Relaxed stroll sets mood for Xi, Obama
Updated: 2014-11-12 06:32
By ZHAO SHENGNAN, ZHONG NAN in Beijing and AMY HE in New York(China Daily USA)
US President Barack Obama, on his first visit to China since 2009, went on a relaxed stroll with President Xi Jinping on Tuesday in Zhongnanhai, the area of Beijing known as the heart of the government.
The stroll after the APEC Economic Leaders’ Meeting was followed by a brief meeting and dinner, and gave rise to expectations that the unusually informal atmosphere would help the two leaders tackle high stakes issues at a formal meeting on Wednesday.
Standing on a traditional Chinese bridge, Xi introduced Obama to the history of Ying Tai, an ancient imperial palace where they later met. Knowing China’s modern history is important for understanding Chinese people’s current aspirations and path forward, Xi told Obama.
Observers said the economy, security, climate change and efforts to fight terrorism will be high on the agenda, and the meetings are likely to offer a blueprint for a new model of ties between major countries.
Niu Xinchun, a senior expert at the China Institutes of Contemporary International Relations, said both countries are expected to manage differences over maritime and territorial issues in Asia, and deal with the relationship between the looming Trans Pacific Partnership agreement and the Free Trade Area of the Asia Pacific.
IT tariff cuts
The two countries reached a breakthrough on Tuesday in Beijing to accelerate the expansion of the World Trade Organization’s Information Technology Agreement (ITA), which could help eliminate $1 trillion in tariffs on high-tech product sales globally.
Obama said it was APEC’s work that led to the ITA, for which an expansion is now being negotiated.
“So it is fitting that we are here with our APEC colleagues to share the news that the United States and China have reached an understanding that we hope will contribute to a rapid conclusion of the broader negotiations in Geneva,” Obama said.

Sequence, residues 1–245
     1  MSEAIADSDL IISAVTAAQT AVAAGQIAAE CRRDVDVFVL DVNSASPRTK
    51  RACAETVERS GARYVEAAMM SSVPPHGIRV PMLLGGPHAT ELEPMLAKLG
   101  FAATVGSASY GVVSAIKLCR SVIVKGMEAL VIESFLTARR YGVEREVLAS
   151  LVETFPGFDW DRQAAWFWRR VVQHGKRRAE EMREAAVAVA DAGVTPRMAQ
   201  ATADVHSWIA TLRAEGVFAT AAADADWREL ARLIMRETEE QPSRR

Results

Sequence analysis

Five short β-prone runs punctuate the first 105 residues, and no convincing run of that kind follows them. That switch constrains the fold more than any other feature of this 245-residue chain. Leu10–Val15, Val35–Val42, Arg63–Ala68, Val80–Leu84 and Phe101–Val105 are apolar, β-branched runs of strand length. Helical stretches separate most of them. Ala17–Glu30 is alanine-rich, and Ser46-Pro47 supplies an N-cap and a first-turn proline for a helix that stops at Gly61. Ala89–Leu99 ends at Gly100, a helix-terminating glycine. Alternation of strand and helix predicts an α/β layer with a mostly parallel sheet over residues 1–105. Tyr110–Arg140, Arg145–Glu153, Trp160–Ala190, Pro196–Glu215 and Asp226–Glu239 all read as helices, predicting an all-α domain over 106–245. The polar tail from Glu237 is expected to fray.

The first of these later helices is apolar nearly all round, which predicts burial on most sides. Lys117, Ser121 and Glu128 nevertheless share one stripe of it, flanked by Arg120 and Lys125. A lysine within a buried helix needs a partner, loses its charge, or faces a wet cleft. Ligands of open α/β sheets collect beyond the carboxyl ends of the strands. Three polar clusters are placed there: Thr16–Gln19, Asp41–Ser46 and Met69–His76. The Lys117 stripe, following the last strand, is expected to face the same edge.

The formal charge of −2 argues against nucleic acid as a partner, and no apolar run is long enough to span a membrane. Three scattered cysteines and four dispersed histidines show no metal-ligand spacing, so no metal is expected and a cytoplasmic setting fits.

The deal would allow the “swift conclusion” on talks to enlarge the ITA at the WTO meeting in Geneva later this year.
Michael Froman, the US trade representative, said in Beijing that it is encouraging news for US companies that are keen to see global tariffs further cut on products such as medical equipment, GPS devices, video game consoles and next generation semiconductors.
Officials at WTO headquarters in Geneva must work out how quickly the tariffs are phased out, a point that thwarted an agreement last year. “There’s still work to be done, but the end of these important negotiations is coming into focus,” Froman said.
The ITA took effect in 1997. The agreement now covers more than $4 trillion in annual trade.
“As many countries are still struggling to seek economic recovery and new areas for market growth, the new ITA breakthrough will encourage more trade between the world’s largest and second largest economies,” said Zhang Jianping, director of the International Economic Cooperation Institute of the National Development and Reform Commission.
Gary Hufbauer, senior fellow at the Washington-based Peterson Institute of Economics, called the trade tariff agreement “quite spectacular progress”.
“It’s really quite spectacular progress because up until now, there’s been talk about liberalization and going forward, but no real action on the international front. This is real action. China agreed to quite a long list of products, it’s a huge lift-up. The coverage of trade is quite large,” he told China Daily.
“It’s big in and of itself, and I think it will also be the passport for China to be welcomed into the Trade in Services Agreement, which China has wanted to join, which is another really big thing. It’s quite a step forward,” he added.
After the announcement, the US Chamber of Commerce released a statement in support of the agreement, saying that the breakthrough is welcomed.
“With so many new products created since the ITA was concluded two decades ago, expanding the agreement’s coverage is imperative. With trade in tech goods surpassing $4 trillion annually, the commercial significance of these negotiations is obvious,” said Myron Brilliant, executive vice-president and head of international affairs at the Chamber of Commerce, in the statement.
Gao Yuan contributed to this story. Contact the writers at firstname.lastname@example.org, email@example.com, and firstname.lastname@example.org.